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I was reading Leibniz recently and had this epiphany, and thought why not see if any others out there might share a similar intuition.

Concerning Leibniz's two principles of identity

  1. The princple of indiscernibility of identicals

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    Restated as I Am What I Think (or maybe ;I am identical to the methods I use to think.)


  1. The principle of identity of indiscernibles

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    Restated as I Think Therefore I am ( or maybe ; the methods Iuse to think are identical to what I am.)

Edit 1

The first principle to me suggest that identity is a product of causality, that is, the causes and effects that together can give rise to a sense of identity ( and its relevant properties)

The second principle might suggest, intuitively, that any 'identity' is a principle product of the self organizing collection of properties ofitself, or that identity itself can give rise to causality.

Edit 2

The restatements at first where a intuition on what I thought Leibniz was trying to capture in his Laws of identity. Namely, two objects relative to each other are unique because of the intrinsic properties as opposed to their extrinsic.

The first principle is to suggest two entities are different by their extrinsic properties, which is why it is considered logical by many.

The second principle suggests the inverse of that notion, which is that two properties can exist distinct from each other only because of their intrinsic properties. This also is to suggest causality, namely space/time are not intrinsic.

My restatements where trying to capture the logic semantically. In the case of “I think, therefore …" seems to capture the intrinsic properties of a being, whereas “I am what I think” seems to capture the extrinsic properties. But I do feel I might be mixing other principles of Leibniz haphazardly, and on top of that I'm not by any means academically inclined on these subjects. So, at this point I'm all ears, and very appreciative of the input/feedback.

closed as unclear what you're asking by virmaior Dec 25 '15 at 16:37

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    Is there any chance I could persuade you to explore this further, maybe share a little more of the motivation here? – Joseph Weissman Dec 24 '15 at 16:24
  • Yes, I suppose I can elaborate on the restatements – Kris Dec 24 '15 at 16:25
  • It still seems very leading, and a bit more "what do you think" than is ideal given the structure of SE. --Is there any chance I could persuade you to zoom in a bit on what exactly the problem is that you are encountering in your study? What is it that you would like someone here to explain to you? What passages have you specifically been reading which made this an interesting or important problem? What has your research uncovered so far? – Joseph Weissman Dec 24 '15 at 19:30
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    I was hoping such validation would not be subjective and opinionated, but simply a matter of analyzing the structure of the restatements. – Kris Dec 24 '15 at 19:53
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    Some elaboration of how one goes from the purely formal statement, to the restatement underneath would be useful; I don't see it as quite an obvious move - does Liebniz himself use it? – Mozibur Ullah Dec 25 '15 at 1:27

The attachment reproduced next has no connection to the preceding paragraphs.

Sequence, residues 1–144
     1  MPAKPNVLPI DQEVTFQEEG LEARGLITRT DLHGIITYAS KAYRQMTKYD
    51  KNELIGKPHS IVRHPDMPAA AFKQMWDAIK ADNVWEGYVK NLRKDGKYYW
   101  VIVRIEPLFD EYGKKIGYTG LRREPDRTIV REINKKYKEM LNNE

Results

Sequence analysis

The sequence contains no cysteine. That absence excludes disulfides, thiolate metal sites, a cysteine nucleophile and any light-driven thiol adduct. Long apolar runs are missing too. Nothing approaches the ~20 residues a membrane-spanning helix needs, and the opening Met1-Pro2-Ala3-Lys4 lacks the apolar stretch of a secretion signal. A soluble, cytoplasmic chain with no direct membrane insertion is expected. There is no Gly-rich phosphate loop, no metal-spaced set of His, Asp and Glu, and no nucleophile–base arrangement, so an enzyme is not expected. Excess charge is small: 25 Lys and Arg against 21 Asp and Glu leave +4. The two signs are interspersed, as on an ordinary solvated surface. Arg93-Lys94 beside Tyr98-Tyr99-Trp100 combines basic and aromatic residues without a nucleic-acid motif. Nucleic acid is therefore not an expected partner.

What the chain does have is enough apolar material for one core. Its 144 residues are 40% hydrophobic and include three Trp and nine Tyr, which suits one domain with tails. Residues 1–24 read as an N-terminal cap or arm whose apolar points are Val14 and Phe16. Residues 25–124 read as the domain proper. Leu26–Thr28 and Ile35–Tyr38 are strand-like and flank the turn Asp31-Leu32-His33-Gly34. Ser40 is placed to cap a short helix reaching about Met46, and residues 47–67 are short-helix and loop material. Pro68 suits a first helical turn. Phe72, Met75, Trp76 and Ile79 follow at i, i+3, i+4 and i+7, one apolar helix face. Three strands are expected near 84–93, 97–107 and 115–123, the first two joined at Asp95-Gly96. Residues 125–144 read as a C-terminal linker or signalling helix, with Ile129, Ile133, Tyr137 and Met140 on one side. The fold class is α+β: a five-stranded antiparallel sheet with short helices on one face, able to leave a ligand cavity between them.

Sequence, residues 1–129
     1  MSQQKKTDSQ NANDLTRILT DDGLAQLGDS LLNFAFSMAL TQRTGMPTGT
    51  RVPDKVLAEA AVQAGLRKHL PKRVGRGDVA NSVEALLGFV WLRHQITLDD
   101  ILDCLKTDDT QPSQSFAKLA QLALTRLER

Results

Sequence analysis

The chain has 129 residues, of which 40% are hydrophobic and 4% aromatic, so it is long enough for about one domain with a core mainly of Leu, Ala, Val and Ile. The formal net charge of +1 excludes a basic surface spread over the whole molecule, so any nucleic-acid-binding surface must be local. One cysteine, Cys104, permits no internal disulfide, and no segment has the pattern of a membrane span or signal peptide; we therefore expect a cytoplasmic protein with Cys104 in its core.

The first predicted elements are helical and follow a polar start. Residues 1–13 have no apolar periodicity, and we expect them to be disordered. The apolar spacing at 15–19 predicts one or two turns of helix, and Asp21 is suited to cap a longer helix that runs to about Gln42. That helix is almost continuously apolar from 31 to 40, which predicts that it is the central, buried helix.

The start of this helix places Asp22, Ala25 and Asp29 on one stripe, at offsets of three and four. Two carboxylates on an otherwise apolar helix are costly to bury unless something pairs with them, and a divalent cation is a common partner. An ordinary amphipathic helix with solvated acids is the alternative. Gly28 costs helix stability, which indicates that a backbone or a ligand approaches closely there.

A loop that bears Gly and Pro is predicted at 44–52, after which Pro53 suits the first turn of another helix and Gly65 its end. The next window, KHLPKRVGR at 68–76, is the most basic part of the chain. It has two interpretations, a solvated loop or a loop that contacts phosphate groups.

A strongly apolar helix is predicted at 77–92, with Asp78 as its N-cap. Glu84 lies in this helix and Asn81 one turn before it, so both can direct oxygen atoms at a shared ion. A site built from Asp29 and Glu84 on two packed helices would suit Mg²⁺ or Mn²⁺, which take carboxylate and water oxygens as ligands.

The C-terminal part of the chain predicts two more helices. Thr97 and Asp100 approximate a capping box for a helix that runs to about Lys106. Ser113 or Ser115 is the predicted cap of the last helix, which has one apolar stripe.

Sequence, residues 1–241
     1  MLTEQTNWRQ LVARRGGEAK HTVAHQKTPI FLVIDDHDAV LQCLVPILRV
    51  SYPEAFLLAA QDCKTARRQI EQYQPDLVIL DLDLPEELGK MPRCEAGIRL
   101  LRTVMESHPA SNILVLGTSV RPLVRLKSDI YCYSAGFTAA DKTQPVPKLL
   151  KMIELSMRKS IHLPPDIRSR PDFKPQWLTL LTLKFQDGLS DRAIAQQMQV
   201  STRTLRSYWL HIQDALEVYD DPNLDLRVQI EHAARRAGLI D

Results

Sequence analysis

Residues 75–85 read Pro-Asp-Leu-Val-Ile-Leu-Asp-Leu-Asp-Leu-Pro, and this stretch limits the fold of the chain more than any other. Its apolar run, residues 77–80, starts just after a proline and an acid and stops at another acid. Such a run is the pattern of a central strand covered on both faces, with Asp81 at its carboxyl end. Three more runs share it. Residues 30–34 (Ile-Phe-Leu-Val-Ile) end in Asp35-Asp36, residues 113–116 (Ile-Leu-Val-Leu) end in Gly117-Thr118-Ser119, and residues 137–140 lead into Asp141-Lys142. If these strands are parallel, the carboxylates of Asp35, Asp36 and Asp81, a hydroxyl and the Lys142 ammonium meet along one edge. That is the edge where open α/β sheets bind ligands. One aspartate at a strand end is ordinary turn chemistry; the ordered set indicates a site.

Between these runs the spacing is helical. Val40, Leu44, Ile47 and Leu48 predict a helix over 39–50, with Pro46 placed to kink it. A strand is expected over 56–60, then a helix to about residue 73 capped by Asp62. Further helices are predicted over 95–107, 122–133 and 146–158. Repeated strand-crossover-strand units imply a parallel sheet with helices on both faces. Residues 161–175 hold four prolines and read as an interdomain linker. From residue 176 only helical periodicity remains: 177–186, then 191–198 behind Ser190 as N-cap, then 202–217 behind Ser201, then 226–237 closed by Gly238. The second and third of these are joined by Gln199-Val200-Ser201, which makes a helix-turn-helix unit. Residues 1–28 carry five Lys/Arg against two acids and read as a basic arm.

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Possibly you are mixing the two philosophers Descartes and Leibniz and some of their fundamental claims.

Unfortunately, you do not state any argument to support your intuition.

Both the principle of identity of indiscernibles and the claim "I Think Therefore I am" refer to different domains. The claim of Descartes refers to epistemology - What can I know? - while Leibniz' principle refers to ontology - How are the objects of our world arranged?

I cannot recognize any relation between both statements, not to indicate a logical derivation of one from the other. In my opinion, Leibniz' principle cannot be restated as "I Think Therefore I am".

  • Interesting. Thanks for the thoughtful insight. I'm leaning! – Kris Dec 29 '15 at 1:17
  • Could clever philosophical intuition or clever armchair philosophy sentiments be stretched and distorted in ways that loose the initial 'eureka' moment ideas in the drive for 'technical' and semantic clarity. Like an artist with a brilliant image for the canvas but when painting because of various constraints does not paint exactly what he or she wanted.. – 201044 Jan 18 '16 at 18:46
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Schelling supposedly derives everything from the principle A=A which he restates as 'A is not equal to not-A' that is more or less 'I think of anything'. The topic was fashionable in his time (the German Idealism).

'I think therefore I am' has been discussed countless times with few authors noting that it is an implication which originally is presented as an impossible conjunction: it is not possible to think without being, i.e. ~(C&~S).

Leibniz rejects the existence of identicals because they would violate his principle of sufficient reason. That is in the context of a purely relative space: in an absolute space two objects can be identical but they are found at different places. In his criticism of Descartes Leibniz comes close to state Schelling's double negation, something like 'I am because I have various ideas'.

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